The Audi A7 & the portable man cave

I’m doing a review of the Audi A7 this week and I currently drive last year’s Audi S5. So far, it seems as if the A7 is probably the poster child for this year’s “all you can do in tech” award.

Both my S5 and this A7 use the Nvidia-powered rich graphics auto command/control/and entertainment unit. Nevertheless, they are vastly different – as the A7 C&C showcases incredible rapid year over year advancements.

Clearly, Audi has made huge improvements in ease of use. Indeed, comparing the two systems is like experiencing the difference between night and day. Plus, you can really see how the tablet/Apple influence is taking hold.

So let’s talk about this wonderful A7, what is coming in the world of automotive tech, and what it means for the future of the portable man cave.


Hardware vs. Software

Although car hardware changes over 3 to 5 years, the actual hardware interface typically remains the same. Still, the newer Audi boasts a touch pad where you can draw symbols for search or do math. In radio mode, the touch pad is where your preselected stations show up. Other than that the two systems are pretty much the same – on a hardware level. However, big changes have been made to the software.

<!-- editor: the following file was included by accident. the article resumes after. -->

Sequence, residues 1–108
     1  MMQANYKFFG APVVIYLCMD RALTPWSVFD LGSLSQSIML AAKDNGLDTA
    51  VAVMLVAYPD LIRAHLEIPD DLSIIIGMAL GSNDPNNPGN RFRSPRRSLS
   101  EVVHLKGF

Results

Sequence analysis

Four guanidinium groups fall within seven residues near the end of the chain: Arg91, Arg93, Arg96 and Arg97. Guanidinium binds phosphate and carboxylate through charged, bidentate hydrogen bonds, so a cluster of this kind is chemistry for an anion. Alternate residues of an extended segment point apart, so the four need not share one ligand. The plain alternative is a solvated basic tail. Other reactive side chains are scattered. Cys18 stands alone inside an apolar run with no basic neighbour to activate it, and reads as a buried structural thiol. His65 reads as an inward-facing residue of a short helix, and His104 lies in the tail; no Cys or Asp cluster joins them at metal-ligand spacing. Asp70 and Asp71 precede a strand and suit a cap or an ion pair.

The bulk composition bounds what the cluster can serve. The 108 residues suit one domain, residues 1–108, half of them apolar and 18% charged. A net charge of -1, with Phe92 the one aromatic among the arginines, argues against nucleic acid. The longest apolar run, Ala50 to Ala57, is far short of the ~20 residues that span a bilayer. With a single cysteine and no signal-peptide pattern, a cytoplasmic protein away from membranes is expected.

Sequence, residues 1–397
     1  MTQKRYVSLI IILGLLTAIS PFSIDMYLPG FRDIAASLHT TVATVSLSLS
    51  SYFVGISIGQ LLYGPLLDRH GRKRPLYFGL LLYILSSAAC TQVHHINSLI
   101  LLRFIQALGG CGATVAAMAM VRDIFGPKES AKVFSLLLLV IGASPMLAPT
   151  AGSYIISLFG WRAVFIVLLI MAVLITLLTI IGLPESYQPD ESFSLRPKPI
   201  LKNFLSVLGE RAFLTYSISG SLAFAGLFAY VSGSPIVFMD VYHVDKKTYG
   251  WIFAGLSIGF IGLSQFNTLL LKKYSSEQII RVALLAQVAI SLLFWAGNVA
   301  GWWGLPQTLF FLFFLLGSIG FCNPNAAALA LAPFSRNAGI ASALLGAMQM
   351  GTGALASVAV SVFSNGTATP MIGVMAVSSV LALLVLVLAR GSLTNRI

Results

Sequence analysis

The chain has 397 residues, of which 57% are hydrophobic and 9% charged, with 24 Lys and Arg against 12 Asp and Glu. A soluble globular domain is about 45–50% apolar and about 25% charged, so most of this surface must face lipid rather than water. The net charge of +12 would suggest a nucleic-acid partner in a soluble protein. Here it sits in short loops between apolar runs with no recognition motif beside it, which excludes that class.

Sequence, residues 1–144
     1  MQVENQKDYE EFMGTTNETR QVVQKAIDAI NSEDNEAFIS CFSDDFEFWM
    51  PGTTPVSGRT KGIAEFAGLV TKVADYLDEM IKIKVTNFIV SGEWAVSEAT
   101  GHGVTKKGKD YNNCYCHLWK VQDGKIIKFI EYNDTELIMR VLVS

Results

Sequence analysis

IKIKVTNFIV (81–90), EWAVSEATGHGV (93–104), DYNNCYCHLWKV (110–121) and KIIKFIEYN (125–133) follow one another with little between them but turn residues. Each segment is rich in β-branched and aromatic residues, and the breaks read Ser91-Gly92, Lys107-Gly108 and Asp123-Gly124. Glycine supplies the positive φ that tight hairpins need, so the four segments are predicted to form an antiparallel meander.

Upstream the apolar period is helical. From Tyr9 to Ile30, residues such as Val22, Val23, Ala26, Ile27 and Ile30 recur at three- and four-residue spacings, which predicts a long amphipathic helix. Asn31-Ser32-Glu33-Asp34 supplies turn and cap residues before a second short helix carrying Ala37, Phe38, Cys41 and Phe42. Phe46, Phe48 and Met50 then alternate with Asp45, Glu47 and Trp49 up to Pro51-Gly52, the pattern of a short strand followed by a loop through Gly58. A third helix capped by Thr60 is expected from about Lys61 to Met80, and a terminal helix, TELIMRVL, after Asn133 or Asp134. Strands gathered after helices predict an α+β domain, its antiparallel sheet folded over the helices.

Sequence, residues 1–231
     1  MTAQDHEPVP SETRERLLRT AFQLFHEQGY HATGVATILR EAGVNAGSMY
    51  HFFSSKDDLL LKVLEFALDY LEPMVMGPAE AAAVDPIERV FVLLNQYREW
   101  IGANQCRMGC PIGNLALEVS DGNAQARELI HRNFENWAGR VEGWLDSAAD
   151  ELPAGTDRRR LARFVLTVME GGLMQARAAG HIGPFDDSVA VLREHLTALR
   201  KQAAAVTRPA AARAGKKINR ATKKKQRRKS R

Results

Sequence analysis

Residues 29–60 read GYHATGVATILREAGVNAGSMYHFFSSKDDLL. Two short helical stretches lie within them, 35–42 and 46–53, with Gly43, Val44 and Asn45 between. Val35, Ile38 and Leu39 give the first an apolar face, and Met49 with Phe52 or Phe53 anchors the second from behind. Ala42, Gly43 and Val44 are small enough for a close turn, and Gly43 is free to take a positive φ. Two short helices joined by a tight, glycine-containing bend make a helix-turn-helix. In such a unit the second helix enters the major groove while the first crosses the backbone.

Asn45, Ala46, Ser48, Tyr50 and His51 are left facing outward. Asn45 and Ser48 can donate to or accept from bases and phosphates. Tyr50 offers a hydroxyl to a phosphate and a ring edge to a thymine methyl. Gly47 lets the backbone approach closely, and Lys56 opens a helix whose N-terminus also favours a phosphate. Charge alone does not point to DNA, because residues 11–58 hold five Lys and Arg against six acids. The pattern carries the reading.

For example, the menus have switched from the typical line form for everything to a blend of rotating icons and lines. Categories are now very tablet-like and even have a 3D feel to them as Audi begins to explore the raw horsepower of the Nvidia graphics that drive its system.  

Navigation has been improved to include relevant information about various locations near you. For example, each exit on the freeway you pass displays icons indicating whether there is food, gas, a place to sleep, or any additional amenities like an ATM. This is actually pretty handy because it is often hard to see signs for these places quickly enough to get off the road in time.    

While the older Audi’s system wasn’t that hard to figure out, the newer Audi (reminding me of the iPad) is fun to just play with and discover. It is a little thing, as the older car’s UI wasn’t that much of a burden – but the newer A7 system is actually kind of fun to learn on. This is obviously very iPad-like, and one of the things that makes the iPad different than PCs or other tablets is that it actually makes the learning experience fun.

Of course, this does bring up a rather important issue: there is definitely a tendency to play with this thing while you are driving. The fact that the A7 uses a motorized display on top of the dash likely kept me from ending up in someone’s trunk.     

Cool Stuff